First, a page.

By Angela Dorizas
West Australian Local Government Minister John Castrilli has released Structure Reform Guidelines to assist local councils across the state as they consider how best to respond to his call for voluntary council amalgamations.
As the Minister released the guidelines, he reminded the sector that WA was the “most over-governed” state in Australia.
“There are 139 local government areas across the state, with about half of these areas servicing less than 2,000 residents,” he said in a statement.
“In some areas there is a ratio of one councillor for every 20 people.”
Castrilli pressured councils to pursue voluntary amalgamations for the sake of their communities.
“I urge each and every local government area within Western Australia to embrace this opportunity to voluntarily amalgamate,” he said.
“A reduction in the number of councils coupled with a rationalisation in the number of elected councillors, has the potential to save ratepayers millions of dollars per year; savings that can be better used to fund roads, sports grounds, libraries and other local infrastructure projects.”
Western Australia Local Government Association (WALGA) president Cr Bill Mitchell said the guidelines were not as stringent as they possibly could have been.
“There is the ability to read between the lines. If councils think they are sustainable as they are now or indeed if there’s only minor boundary adjustments, then they have the ability to put that up to the Minister,” Cr Mitchell said.
He said WALGA would have liked to have seen more detailed and prescriptive guidelines.
“However, in saying that if you combine the guidelines with the frequently asked questions that came out with the guidelines, a lot of those gaps are filled in and I think councils now have sufficient information to go about their business,” he added.
Cr Mitchell said the Minister had given councils a “very tight timeline” and a very short period to consult with their communities.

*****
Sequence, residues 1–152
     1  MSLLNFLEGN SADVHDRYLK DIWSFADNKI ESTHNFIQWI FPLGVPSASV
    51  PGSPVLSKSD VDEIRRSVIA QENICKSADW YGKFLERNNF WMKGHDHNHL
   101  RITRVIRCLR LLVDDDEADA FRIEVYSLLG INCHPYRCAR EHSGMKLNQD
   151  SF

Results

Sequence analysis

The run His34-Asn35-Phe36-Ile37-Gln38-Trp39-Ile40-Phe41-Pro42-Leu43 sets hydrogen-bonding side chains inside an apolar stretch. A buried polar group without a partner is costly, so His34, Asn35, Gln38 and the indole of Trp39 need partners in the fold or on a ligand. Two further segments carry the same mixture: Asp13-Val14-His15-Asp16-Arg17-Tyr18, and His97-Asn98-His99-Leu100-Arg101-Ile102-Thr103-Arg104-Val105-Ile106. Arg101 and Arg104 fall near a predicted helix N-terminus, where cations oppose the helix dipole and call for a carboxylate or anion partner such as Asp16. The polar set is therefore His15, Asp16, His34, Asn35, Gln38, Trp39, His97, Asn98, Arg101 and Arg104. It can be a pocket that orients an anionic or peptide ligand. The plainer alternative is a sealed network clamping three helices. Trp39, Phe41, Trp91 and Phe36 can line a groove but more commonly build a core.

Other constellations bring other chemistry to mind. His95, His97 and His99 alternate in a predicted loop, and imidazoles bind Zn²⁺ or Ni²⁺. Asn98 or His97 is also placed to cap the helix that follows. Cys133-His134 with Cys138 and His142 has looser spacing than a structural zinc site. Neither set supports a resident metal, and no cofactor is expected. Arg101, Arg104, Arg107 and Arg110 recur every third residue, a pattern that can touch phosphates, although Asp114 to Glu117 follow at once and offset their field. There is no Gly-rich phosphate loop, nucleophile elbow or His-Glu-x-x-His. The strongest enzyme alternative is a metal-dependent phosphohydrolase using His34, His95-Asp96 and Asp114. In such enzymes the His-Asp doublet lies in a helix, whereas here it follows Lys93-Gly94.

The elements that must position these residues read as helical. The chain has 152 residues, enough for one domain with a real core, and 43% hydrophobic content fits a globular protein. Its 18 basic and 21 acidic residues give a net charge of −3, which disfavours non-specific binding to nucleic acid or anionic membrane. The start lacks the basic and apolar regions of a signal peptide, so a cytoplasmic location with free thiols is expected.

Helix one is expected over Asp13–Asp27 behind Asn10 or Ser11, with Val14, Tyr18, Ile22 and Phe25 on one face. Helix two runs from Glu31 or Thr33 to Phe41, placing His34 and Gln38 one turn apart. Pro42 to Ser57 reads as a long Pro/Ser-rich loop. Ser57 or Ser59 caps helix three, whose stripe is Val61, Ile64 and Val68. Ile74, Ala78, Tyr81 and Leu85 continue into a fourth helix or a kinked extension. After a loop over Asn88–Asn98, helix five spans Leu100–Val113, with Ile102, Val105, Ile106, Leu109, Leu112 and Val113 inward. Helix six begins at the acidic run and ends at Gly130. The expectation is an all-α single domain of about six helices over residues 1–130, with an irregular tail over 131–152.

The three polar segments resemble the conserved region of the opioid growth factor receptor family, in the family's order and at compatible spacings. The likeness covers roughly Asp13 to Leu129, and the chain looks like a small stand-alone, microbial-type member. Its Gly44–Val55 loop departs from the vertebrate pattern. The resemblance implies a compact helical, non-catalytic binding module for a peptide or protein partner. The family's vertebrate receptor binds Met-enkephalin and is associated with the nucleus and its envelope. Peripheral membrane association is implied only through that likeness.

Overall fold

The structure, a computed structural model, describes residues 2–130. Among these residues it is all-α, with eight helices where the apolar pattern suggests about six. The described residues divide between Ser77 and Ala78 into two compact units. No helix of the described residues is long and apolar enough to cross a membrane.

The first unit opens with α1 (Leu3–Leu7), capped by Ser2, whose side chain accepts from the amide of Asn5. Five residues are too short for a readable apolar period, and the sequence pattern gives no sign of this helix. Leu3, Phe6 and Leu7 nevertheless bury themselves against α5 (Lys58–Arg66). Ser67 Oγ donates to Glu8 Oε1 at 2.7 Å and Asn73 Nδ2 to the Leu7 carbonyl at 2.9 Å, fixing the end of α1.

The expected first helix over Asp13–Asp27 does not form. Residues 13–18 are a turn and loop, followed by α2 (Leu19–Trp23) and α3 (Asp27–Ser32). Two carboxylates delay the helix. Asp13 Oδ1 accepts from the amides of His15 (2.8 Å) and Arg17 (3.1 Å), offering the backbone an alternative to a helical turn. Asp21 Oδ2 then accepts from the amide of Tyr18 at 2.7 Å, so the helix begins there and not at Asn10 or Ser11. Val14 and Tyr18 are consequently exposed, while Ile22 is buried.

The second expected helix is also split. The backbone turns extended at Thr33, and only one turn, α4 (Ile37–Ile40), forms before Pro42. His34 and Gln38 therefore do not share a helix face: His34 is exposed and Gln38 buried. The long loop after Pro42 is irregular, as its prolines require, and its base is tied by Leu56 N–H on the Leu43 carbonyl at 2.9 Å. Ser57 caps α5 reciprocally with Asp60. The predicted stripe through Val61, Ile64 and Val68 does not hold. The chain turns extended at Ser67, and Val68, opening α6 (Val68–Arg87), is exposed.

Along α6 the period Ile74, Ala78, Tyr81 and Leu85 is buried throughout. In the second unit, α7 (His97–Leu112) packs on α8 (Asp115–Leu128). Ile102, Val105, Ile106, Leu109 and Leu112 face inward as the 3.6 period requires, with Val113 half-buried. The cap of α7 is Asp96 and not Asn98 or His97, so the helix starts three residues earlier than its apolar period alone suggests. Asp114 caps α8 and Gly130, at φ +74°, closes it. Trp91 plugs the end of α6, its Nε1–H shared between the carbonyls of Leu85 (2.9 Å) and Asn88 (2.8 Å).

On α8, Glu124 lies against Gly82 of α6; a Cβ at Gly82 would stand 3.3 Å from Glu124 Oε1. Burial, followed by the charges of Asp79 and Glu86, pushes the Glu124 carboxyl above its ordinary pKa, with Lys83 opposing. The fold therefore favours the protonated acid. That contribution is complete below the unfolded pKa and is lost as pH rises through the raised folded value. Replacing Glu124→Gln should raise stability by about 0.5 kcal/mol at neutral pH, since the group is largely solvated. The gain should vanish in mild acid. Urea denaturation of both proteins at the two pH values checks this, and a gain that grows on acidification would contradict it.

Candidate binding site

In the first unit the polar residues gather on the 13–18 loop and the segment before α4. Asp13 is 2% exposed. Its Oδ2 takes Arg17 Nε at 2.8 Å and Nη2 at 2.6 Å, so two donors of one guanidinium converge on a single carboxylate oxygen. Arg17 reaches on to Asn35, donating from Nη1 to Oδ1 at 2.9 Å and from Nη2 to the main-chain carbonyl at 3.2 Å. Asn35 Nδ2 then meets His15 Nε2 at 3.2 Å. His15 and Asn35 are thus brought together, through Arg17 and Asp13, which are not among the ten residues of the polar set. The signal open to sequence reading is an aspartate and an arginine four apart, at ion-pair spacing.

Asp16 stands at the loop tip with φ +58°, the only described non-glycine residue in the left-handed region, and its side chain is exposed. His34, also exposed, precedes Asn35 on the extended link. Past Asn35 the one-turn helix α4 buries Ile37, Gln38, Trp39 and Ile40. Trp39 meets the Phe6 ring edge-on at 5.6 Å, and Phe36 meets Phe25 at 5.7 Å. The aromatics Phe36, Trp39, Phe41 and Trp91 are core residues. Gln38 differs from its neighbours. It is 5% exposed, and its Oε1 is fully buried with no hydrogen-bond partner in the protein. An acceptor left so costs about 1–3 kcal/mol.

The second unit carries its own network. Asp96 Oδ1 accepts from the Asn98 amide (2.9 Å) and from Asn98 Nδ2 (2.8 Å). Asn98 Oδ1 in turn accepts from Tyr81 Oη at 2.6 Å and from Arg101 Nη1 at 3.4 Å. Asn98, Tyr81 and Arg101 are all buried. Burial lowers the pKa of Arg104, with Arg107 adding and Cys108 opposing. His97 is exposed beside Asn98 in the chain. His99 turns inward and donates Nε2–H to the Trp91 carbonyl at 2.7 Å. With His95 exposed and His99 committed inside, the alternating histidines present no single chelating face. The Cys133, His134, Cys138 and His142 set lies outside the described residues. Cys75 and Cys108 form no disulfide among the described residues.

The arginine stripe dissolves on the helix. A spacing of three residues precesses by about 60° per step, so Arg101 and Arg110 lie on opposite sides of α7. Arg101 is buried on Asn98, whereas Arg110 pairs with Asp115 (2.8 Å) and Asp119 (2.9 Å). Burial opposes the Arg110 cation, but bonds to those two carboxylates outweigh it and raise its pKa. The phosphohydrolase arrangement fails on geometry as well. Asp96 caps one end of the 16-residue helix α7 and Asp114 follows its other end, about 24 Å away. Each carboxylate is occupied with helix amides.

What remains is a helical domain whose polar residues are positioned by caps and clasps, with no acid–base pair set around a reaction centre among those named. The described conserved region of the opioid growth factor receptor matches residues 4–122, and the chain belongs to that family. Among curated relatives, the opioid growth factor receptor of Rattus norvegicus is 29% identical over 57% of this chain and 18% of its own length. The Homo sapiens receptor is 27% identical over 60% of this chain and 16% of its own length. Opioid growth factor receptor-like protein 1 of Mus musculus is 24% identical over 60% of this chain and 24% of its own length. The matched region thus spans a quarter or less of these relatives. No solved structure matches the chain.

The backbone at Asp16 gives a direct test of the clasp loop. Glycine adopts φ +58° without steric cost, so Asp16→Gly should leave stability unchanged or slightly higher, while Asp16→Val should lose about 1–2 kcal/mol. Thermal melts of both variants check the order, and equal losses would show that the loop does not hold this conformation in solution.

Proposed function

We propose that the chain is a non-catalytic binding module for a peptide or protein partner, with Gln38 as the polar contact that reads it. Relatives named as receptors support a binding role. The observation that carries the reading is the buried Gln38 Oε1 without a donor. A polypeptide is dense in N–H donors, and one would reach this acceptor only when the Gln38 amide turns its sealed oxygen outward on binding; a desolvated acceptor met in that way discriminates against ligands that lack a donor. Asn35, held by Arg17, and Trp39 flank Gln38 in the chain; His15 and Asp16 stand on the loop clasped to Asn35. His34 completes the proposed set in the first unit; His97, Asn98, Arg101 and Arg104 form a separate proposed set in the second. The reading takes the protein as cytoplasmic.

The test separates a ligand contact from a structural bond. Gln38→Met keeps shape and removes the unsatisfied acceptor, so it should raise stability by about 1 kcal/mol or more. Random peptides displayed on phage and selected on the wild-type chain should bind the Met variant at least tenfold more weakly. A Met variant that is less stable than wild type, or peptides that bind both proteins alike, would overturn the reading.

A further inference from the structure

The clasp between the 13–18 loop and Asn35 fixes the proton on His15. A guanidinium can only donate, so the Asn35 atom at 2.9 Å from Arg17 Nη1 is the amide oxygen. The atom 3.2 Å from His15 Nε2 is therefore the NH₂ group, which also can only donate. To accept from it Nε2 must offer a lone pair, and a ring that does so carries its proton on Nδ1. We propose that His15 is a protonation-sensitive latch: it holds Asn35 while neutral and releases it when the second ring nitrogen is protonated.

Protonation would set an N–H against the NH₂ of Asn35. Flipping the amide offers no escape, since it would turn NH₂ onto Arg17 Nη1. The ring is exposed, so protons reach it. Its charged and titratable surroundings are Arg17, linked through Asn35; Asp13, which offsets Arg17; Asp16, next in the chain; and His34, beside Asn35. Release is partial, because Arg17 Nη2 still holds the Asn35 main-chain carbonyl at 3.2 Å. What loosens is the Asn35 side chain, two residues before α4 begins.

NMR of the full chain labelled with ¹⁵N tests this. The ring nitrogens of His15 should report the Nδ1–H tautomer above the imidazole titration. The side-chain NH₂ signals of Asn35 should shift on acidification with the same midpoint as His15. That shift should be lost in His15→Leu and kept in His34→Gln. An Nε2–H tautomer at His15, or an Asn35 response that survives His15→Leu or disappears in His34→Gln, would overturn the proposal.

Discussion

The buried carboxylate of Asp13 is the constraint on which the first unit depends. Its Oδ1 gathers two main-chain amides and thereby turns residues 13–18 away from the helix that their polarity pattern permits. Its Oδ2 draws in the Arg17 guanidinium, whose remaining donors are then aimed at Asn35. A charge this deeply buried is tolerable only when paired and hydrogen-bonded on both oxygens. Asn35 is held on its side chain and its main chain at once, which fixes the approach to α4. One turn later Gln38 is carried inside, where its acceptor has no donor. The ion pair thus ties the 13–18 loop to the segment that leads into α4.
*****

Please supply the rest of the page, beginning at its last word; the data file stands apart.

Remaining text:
“It’s one thing for the councillors as a whole to have their opinion, but that may or may not be shared by their communities,” he said.
Cr Mitchell said WALGA would continue to encourage councils to “go down the sustainability path” and assist them in meeting the Minister’s timeline requirements. But on the issue of forced amalgamations WALGA remained fervently opposed.
“We still need to speak with the government on not having any forced amalgamations and that will be a political, lobbying exercise.”
Councils are required to examine their long term viability, referring to guiding principles and the reform checklist prepared by the Local Government Reform Steering Committee.
According to the Guidelines, councils will need to have demonstrated capacity in:
- long term strategic planning;
- detailed asset and infrastructure management planning;
- future financial viability and planning;
- equitable governance and community representation;
- proficient organisational capacity;
- effective political and community advocacy for service delivery;
- understanding of and planning for demographic change;
- effective management of natural resources;
- optimal community of interest; and
- optimal service delivery to the community.
Councils are also required to demonstrate progress and outcomes in forming regional groupings and any other previous structural reform.
The Minister has requested that by 31 August, each of the 139 councils make known their decision on voluntary amalgamation, their preferred regional groupings and the number of elected council members they require, from between six and nine.
Download the Structural Reform Guidelines.
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